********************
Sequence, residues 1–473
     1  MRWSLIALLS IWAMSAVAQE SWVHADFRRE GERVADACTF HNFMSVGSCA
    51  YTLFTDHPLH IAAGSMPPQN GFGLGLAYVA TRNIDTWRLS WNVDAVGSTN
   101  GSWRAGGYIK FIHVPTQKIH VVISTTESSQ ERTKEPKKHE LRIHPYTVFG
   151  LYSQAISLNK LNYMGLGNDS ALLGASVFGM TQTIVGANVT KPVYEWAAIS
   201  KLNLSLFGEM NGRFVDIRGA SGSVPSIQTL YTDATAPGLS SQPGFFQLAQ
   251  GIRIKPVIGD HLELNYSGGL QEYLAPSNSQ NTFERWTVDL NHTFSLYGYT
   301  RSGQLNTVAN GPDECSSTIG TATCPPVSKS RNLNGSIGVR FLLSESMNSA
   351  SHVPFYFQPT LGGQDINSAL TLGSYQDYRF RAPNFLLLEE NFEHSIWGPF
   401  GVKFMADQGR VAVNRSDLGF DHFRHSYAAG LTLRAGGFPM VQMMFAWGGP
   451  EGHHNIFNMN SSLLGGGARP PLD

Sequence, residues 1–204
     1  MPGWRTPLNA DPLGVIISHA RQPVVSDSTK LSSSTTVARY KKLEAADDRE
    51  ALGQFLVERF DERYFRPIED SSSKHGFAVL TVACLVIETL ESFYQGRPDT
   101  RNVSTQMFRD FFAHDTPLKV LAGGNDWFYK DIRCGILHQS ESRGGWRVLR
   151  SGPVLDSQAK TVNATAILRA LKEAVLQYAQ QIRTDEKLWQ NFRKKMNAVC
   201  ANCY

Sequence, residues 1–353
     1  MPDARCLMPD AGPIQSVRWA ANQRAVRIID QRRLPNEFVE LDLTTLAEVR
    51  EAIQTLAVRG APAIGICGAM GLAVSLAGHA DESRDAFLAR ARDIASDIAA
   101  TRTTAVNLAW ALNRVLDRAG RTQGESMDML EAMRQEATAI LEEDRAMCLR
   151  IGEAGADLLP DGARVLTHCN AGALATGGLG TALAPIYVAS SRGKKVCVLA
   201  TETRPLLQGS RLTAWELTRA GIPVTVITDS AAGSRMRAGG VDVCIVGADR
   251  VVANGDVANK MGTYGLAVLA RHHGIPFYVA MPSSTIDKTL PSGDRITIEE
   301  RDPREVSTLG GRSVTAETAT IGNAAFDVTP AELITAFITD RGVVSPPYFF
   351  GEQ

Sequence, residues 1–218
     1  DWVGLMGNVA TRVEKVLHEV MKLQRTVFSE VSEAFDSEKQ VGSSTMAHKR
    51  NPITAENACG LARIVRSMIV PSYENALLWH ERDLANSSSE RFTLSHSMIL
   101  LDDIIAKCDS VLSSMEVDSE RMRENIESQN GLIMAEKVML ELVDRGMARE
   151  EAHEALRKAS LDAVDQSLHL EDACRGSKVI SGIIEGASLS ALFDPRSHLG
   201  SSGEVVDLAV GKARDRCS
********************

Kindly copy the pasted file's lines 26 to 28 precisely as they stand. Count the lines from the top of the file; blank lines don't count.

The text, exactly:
   351  GEQ

Sequence, residues 1–218
     1  DWVGLMGNVA TRVEKVLHEV MKLQRTVFSE VSEAFDSEKQ VGSSTMAHKR